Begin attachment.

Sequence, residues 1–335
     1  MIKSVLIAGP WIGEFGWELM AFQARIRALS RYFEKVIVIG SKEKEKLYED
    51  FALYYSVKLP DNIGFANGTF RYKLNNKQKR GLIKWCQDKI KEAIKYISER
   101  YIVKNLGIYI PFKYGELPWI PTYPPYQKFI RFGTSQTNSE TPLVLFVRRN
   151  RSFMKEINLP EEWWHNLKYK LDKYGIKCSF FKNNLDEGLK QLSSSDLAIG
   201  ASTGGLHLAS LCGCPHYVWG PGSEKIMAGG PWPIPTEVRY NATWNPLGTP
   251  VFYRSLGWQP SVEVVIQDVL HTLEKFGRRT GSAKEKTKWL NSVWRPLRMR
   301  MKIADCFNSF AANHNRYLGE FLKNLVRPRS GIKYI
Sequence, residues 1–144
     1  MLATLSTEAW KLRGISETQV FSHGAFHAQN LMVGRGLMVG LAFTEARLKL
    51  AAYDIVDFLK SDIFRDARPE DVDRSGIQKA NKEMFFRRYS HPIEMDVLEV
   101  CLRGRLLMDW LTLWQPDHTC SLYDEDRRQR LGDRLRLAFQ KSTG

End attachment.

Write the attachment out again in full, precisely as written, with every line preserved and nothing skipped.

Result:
Sequence, residues 1–335
     1  MIKSVLIAGP WIGEFGWELM AFQARIRALS RYFEKVIVIG SKEKEKLYED
    51  FALYYSVKLP DNIGFANGTF RYKLNNKQKR GLIKWCQDKI KEAIKYISER
   101  YIVKNLGIYI PFKYGELPWI PTYPPYQKFI RFGTSQTNSE TPLVLFVRRN
   151  RSFMKEINLP EEWWHNLKYK LDKYGIKCSF FKNNLDEGLK QLSSSDLAIG
   201  ASTGGLHLAS LCGCPHYVWG PGSEKIMAGG PWPIPTEVRY NATWNPLGTP
   251  VFYRSLGWQP SVEVVIQDVL HTLEKFGRRT GSAKEKTKWL NSVWRPLRMR
   301  MKIADCFNSF AANHNRYLGE FLKNLVRPRS GIKYI
Sequence, residues 1–144
     1  MLATLSTEAW KLRGISETQV FSHGAFHAQN LMVGRGLMVG LAFTEARLKL
    51  AAYDIVDFLK SDIFRDARPE DVDRSGIQKA NKEMFFRRYS HPIEMDVLEV
   101  CLRGRLLMDW LTLWQPDHTC SLYDEDRRQR LGDRLRLAFQ KSTG